The example set by the city of London will pro. bably be followed by every other community in the British empire. Thus we shall have a new set of addresses from every little borough with but four freemen and a burgess; day after day shall we see them come up with hearts filled with gratitude, lag. ing the vows of a loyal people at the foot of the throne.' Death! Mr. Printer, they'll hardly leave our courtiers time to scheme a single project for beating the French; and our enemies may gain upon us, while we are thus employed in telling our governor how much we intend to keep them under.
But a people by too frequent a use of addresses may by this means come at last to defeat the very purpose for which they are designed. If we are thus exclaiming in raptures upon every occasion, we deprive ourselves of the powers of flattery, when there may be a real necessity. A boy three weeks ago swimming across the Thames, was every minute crying out, for his amusement, ' I've got the cramp, I've got the cramp:' the boatmen pushed off once or twice, and they found it was fun; he soon after cried out in earnest, but nobody believed him, and he sunk to the bottom. • In short, sir, I am quite displeased with any on. necessary cavalcade whatever. I lope we shall soon
have occasiou to triumph, and then I shall be ready myself either to eat at a turtle-feast or to shout at a bonfire: and will either lend my faggot at the fire, or flourish my hat at every loyal health that may be proposed.
I am, Sir, &c.
A SECOND LETTER,
SUPPOSED TO BE WRITTEN BY A COMMON-COUN
CIL-MAN, DESCRIBING THE CORONATION.
AM the same common-councilman who troubled
you some days ago. To whom can I complain but to you? for you have many a dismal correspondent; in this time of joy my wife does not choose to hear me, because, she says, I'm always melancholy when she's io spirits. I have been to see the coronation, and a fine sight it was, as I am told, to those who had the pleasure of being near spectators. The diamonds, I am told, were as thick as Bristol stones in a show.glass; the ladies and gentlemen walked along, one foot before another, and threw their eyes about them, on this side and that, per fectly like clock-work. O! Mr. Printer, it had been a fine sight indeed, if there was but a little more eating.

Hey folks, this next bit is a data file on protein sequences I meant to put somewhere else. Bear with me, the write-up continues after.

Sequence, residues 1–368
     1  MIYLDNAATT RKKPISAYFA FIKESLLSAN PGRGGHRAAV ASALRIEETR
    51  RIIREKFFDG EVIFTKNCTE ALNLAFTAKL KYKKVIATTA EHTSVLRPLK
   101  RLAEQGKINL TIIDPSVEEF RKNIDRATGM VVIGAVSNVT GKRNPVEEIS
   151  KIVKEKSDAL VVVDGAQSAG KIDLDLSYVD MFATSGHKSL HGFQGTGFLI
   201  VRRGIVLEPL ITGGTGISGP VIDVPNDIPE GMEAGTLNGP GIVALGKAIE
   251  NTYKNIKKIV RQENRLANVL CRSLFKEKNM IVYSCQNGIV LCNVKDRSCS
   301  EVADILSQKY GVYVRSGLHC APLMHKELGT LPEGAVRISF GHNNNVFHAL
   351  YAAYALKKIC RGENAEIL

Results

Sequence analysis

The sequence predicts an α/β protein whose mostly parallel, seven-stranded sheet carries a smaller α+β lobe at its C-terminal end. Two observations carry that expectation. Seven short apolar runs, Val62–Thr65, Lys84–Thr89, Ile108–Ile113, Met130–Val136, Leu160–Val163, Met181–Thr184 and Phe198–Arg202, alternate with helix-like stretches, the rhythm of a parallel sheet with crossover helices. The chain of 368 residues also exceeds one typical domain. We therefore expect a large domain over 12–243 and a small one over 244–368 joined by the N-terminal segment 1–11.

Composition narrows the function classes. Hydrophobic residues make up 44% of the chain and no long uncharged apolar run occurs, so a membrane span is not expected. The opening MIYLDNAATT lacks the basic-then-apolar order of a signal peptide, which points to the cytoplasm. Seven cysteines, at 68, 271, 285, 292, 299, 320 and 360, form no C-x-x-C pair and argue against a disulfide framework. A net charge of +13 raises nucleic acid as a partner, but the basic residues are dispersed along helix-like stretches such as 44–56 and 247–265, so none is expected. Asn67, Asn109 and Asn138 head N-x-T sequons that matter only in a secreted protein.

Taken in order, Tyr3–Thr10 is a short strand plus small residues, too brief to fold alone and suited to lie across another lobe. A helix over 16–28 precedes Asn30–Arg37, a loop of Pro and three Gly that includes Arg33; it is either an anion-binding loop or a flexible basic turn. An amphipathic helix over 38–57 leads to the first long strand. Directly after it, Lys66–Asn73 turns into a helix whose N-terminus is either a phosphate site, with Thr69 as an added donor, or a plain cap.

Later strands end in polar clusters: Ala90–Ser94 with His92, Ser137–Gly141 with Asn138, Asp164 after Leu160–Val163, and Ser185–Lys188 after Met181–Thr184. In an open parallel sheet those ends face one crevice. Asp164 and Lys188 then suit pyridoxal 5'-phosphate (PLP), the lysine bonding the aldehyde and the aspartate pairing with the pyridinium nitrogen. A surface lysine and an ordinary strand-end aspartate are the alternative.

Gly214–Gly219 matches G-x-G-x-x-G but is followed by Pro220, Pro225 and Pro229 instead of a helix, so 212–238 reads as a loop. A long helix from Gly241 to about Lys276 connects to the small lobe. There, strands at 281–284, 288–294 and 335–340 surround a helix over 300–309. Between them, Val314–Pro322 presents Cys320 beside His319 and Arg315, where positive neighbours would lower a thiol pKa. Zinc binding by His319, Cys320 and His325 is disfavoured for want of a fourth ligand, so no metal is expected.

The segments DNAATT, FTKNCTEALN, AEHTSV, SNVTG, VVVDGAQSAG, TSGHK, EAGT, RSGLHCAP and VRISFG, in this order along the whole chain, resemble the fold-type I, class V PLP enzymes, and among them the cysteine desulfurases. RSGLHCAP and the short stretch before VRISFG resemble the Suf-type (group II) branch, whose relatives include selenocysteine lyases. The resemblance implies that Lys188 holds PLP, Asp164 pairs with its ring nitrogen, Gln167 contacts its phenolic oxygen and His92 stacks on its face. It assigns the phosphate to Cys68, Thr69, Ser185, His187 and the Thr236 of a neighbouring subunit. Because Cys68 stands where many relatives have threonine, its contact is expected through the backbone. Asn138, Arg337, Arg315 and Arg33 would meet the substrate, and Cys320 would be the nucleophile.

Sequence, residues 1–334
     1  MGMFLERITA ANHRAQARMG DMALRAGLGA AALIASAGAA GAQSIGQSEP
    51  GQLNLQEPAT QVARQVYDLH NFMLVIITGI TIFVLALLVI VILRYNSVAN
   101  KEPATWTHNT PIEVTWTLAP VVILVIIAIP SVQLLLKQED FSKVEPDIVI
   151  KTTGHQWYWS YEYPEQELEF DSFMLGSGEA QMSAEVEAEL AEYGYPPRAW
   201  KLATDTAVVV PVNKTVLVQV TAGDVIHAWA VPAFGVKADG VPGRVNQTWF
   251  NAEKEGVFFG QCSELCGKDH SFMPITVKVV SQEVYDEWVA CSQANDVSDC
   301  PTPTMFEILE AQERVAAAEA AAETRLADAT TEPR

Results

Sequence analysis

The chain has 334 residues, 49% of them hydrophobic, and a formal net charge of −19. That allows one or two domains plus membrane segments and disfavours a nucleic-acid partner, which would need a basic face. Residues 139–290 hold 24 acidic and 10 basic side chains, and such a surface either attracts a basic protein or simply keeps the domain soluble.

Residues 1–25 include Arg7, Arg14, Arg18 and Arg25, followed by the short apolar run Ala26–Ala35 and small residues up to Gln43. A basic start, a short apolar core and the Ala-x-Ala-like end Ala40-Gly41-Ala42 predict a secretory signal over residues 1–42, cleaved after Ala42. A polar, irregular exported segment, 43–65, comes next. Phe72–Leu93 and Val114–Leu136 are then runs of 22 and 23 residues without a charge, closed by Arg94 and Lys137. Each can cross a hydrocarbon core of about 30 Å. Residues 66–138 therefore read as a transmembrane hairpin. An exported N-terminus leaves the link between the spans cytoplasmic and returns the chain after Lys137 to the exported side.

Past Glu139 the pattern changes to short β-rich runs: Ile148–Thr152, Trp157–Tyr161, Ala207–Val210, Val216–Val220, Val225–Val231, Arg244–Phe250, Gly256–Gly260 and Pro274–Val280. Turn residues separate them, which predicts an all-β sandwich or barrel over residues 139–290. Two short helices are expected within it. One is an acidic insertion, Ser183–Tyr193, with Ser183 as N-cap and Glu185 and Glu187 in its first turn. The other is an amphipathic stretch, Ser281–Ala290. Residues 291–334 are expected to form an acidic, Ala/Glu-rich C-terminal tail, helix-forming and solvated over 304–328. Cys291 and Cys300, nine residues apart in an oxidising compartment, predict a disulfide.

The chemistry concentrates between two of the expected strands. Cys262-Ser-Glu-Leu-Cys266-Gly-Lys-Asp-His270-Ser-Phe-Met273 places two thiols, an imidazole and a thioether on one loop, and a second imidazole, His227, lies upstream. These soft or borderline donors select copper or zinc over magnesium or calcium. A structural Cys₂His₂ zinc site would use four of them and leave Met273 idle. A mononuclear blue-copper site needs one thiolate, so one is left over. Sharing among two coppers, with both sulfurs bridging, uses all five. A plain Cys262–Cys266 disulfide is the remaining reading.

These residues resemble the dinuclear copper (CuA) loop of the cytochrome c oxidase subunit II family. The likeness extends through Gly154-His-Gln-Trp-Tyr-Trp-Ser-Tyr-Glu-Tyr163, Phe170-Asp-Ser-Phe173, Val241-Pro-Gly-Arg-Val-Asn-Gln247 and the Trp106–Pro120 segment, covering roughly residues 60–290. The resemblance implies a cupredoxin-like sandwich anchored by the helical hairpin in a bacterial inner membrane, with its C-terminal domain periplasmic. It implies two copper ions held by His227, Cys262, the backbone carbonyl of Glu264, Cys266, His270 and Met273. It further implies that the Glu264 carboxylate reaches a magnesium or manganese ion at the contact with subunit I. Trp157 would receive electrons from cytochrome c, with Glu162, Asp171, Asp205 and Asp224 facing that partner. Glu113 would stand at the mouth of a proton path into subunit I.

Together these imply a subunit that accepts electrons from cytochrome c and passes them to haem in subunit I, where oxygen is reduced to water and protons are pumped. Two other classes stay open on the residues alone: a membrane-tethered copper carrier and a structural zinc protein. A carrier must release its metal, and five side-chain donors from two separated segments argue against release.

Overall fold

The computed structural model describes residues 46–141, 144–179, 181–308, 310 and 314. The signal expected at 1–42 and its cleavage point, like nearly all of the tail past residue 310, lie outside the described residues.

Instead of that, there we sat, penned up in our scaffolding, like sheep upon a market-day in Smithfield: but the devil a thing could I get to eat (God pardon me for swearing) except the fragments of a plumb-cake, that was all squeezed into crumbs in my wife's pocket, as she came through the crowd. You must know, sir, that in order to do the thing
genteelly, and that all my family might be amused at the same time, my wife, my daughter, and I took two-guinea places for the coronation, and I gave my two eldest boys (who by the by are twins, fine children) eighteen.pence apiece to go to Sudrick fair, to see the Court of the Black King of Morocco, which will serve to please children well enough.
That we might have good places on the scaffold. ing, my wife insisted upon going at seven o'clock in the evening before the coronation, for she said she would not lose a full prospect for the world. This resolution I own shocked me. •Grizzle,' said I to her, “Grizzle, my dear, consider that you are but weakly, always ailing, and will never bear sitting all night upon the scaffold. You remember what a cold you caught the last fast-day by rising but half an hour before your time to go to church, and how I was scolded as the cause of it. Besides, my dear, our daughter Anna Amelia Wilhelmina Carolina will look like a perfect fright if she sits up; and you know the girl's face is something at her time of life, considering her fortune is but small.' • Mr. Grogan,' replied my wife, Mr. Grogan, this is always the case, when you find me in spirits; I don't want to go, not I, nor I don't care whether I go at all ; it is seldom that I am in spirits, but this is always the case.' In short, Mr. Printer, what will you have on't? to the coronation we went.
What difficulties we had in getting a coach; how we were shoved about in the mob; how I had my pocket picked of the last new almanack, and my steel tobacco-box; how my daughter lost half an eye-brow, and her laced shoe in a gutter; my wife's lamentation upon this, with the adventures of a crumbled plumb-cake ; relate all these; we suffered this and ten times more before we got to our places.
At last, however, we were seated. My wife is certainly a heart of oak; I thought sitting up in the damp night-air would have killed her; I have knowo her for two months take possession of our